As a result, in the quartz resonator element 1, UZ/UX becomes smaller, and the value of the vibration leakage Δf becomes even smaller (about 500 ppm or less), the efficiency of the flexing vibration is further improved.

Furthermore, regarding the quartz resonator element 1, when RS/S=5.1047×(L/A)2−9×10−14×(L/A)+1.3, the displacement components Uz, U1 z of out-of-plane vibration due to the first groove parts 24, 25 and the second groove parts 28, 29 and the displacement components Uz′, U1 z′ of out-of-plane vibration due to the third groove parts 24′, 25′ and the fourth groove parts 28′, 29′ are further cancelled each other out.

As a result, in the quartz resonator element 1, UZ/UX becomes nearly zero, and the value of the vibration leakage Δf becomes the minimum (nearly 0 ppm) and the efficiency of the flexing vibration is further improved.

In addition, since the quartz resonator element 1 contains quarts, it may be provided as a resonator element having advantageous characteristics of frequency-temperature characteristics, aging characteristics of frequency, processing accuracy, etc. because of properties of quartz.

Modified Example

As below, a modified example of the quartz resonator element of the first embodiment will be explained.

FIG. 7 is a schematic plan view showing a quartz resonator element of a modified example of the first embodiment. The same signs are assigned to the common parts with the first embodiment and their explanation will be omitted, and the parts different from those of the first embodiment will be explained mainly.

As shown in FIG. 7, in a quartz resonator element 101, the arrangement of the first groove part 25 and the second groove part 29 and the third groove part 25′, and the fourth groove part 29′ in a resonating arm part 121 is reversed compared to the arrange of those of the resonating arm part 21 of the quartz resonator element 1 in the embodiment. In other words, in the quartz resonator element 101, the arrangement of the respective groove parts is the same in the resonating arm part 20 and the resonating arm part 121.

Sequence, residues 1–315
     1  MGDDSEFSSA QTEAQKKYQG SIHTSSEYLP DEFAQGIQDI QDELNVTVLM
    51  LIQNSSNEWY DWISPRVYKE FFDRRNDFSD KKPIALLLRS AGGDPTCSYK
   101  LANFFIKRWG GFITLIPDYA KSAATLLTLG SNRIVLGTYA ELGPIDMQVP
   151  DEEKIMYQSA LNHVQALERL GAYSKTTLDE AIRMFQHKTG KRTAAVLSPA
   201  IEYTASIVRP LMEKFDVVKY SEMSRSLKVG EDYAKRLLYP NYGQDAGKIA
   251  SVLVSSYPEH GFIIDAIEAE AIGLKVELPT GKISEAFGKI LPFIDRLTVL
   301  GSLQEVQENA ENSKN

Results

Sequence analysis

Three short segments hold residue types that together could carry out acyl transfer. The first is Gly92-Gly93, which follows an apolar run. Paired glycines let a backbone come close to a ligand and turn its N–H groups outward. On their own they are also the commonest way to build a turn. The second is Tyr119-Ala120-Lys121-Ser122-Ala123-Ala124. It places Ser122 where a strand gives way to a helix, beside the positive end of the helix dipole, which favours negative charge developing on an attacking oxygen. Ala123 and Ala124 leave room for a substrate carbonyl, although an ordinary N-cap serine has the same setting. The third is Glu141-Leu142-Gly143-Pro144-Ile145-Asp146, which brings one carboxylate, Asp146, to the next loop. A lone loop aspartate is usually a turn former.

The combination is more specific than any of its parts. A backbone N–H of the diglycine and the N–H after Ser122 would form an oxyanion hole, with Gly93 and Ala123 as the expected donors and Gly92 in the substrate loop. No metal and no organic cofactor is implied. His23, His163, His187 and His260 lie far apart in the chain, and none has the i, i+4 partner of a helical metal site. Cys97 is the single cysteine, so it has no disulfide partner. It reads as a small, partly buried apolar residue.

The quartz resonator element 101 may exert the same effect as that of the first embodiment by the same operation as that of the first embodiment in the arrangement.

Note that, in the above described embodiment and modified example, the tuning fork-type quartz resonator element having the pair of resonating arm parts has been explained as an example, however, not limited to that, but, for example, a rod-like quartz resonator element having one resonating arm part or a tuning fork-type quartz resonator element having three or more resonating arm parts may be used.

Second Embodiment

As below, a quartz resonator as a resonator of the second embodiment will be explained as an example.

FIG. 8 is a schematic plan view showing an outline configuration of a quartz resonator of the second embodiment. FIG. 9 is a schematic sectional view along J-J line of FIG. 8. In FIG. 8, a lid body is omitted for convenience.

Further, the same signs are assigned to the common parts with the first embodiment and their explanation will be omitted.

The quartz resonator 80 of the second embodiment is a quartz resonator using the quartz resonator element of the first embodiment or the modified example of the first embodiment. Here, the explanation will be made using the quartz resonator element 1 of the first embodiment.

As shown in FIGS. 8, 9, the quartz resonator 80 houses the quartz resonator element 1 within a package 51. Specifically, the quartz resonator 80 houses the quartz resonator element 1 in an internal space S of the package 51 including a first substrate 54, and a second substrate 55 and a third substrate 56 stacked on the first substrate 54.